When the U.S. Army canceled the Airlander–a hybrid airship that borrows from both soft-bodied blimps and rigid-bodied zeppelin-style dirigibles–it looked like the dream of new airships for the 21st century went down with the funding. Then a curious thing happened: The plane stayed afloat. Thanks to crowdfunding site CrowdCube, 914 private investors just put $3,360,000 into Hybrid Air Vehicles, the company behind the hybrid.
Airlander has had a rocky development cycle. Developed as an Army surveillance tool for the war in Afghanistan, it looked super promising, and Popular Science included it in our Best of What’s New for both its efficiency and planned days-long endurance. The drawdown of war in Afghanistan deflated interest in the project. Development continued in the United Kingdom after America stopped funding it.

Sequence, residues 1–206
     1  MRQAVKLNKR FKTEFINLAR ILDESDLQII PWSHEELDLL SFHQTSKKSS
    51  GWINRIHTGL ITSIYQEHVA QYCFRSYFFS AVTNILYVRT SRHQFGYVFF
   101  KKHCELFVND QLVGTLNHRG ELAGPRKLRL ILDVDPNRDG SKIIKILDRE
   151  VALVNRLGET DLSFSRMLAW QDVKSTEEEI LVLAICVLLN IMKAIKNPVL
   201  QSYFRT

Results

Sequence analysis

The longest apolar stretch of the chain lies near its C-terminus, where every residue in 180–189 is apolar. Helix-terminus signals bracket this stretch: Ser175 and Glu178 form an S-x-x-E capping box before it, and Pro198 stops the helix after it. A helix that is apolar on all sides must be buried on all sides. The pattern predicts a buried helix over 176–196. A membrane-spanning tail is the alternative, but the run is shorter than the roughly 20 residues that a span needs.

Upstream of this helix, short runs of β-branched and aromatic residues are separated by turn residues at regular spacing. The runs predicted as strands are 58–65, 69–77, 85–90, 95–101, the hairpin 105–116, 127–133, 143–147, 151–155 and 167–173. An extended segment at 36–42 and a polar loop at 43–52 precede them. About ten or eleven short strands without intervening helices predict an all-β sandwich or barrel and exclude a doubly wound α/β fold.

With support from the British government and other investors, the Airlander team launched a crowdfunding campaign. Unlike similar campaigns where people pledge at certain levels in exchange for T-shirts or early versions of a product, the contributions to Airlander are for a portion of the 5.79 percent of the company’s shares that they’re offering to the public. The campaign concludes in one day and is already at 107 percent of its original goal.
If there is to be a new age of dirigibles, Airlander will likely lead the way. It promises to carry up to 55 tons of cargo, and with human crew, it can, in theory, fly for several days at a time. The public funding is a good second wind, but earlier promised golden ages for airships have disappeared in smoke.